By the time you're the CEO, General Manager or leader of a business, you may have already reached the level of promotion you hoped for as an individual. So self-promotion is probably not something that occupies your mind every day.
Yet the advice that helped you to get where you are today can be applied to promoting your business to your customers, in much the same way as it helped you to rise through the ranks in your career. Here are five principles to look at in a whole new way.
1. “Volunteer for extra projects”. Take a look at what's going on inside your customer's business. What would they love to do, if only they had the expertise or time? Volunteering to take on an extra project that helps the customer to achieve their goals shows what you can do, as well as a willingness to work and to learn.
2. “Get experience outside your job role”. People who work in other industries for a period of time usually come back with great ideas and transferable skills. Where else are you working already, and where else could you go, to bring fresh insights to the customer?
3. “Come with a solution, not a problem”. Listen to what’s going on for your customer, and find people who can help in areas that you (and they) don’t have expertise. Don’t try to do everything: you’ll be more highly regarded for your own expertise if you can introduce complementary (not competing) experts too.
4. “Make your achievements visible”. Promotions are often won by the employees who are best at “selling” their results, not necessarily delivering the best results. The same applies here. How are you using your access to the customer to tell them about the great things that you're doing for them, and for other customers?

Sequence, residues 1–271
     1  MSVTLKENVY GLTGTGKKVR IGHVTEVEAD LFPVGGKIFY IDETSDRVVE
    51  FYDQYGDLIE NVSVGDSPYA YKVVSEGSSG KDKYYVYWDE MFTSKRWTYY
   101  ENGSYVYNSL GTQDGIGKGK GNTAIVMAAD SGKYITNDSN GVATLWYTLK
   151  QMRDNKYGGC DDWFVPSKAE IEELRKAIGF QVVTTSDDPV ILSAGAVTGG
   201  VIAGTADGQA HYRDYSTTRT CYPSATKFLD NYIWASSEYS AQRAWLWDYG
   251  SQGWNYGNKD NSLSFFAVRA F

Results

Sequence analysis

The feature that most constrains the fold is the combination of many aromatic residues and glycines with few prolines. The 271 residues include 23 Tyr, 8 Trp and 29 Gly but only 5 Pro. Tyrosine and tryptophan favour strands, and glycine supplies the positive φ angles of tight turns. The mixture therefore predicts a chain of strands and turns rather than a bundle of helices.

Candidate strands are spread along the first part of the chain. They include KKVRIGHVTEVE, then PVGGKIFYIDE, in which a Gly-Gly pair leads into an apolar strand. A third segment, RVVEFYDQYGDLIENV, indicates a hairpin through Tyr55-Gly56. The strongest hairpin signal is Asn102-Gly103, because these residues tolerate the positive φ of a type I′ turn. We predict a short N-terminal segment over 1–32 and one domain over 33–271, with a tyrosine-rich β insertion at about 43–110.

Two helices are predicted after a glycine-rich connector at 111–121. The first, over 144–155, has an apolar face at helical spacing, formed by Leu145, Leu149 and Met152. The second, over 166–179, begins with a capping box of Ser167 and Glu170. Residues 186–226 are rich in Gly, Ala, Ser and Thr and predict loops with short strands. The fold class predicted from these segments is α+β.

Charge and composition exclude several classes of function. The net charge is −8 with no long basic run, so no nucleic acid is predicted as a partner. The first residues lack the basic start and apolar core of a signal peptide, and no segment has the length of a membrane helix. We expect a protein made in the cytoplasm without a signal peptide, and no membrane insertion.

5. “Be indispensable, but not overbearing”. Not every great idea of yours is going to meet with a welcome reception. Doesn't mean it's a bad idea. Maybe it's not the right time, or there is something else that's competing with it. Avoid the worst of this by understanding what the customer’s 12 month calendar looks like - what's going on inside their business, what’s a high priority and when. Understanding when to introduce your argument is the key to having it land with a receptive audience.
|Robyn Haydon is a business development consultant who helps helps service-based businesses that compete through bids and tenders to articulate the value in what they do, command a price premium, and build an offer that buyers can’t refuse. Don’t let others dictate how far and how fast your business can grow – take your power back! Email firstname.lastname@example.org to request the white paper for the Beyond Ticking Boxes program.|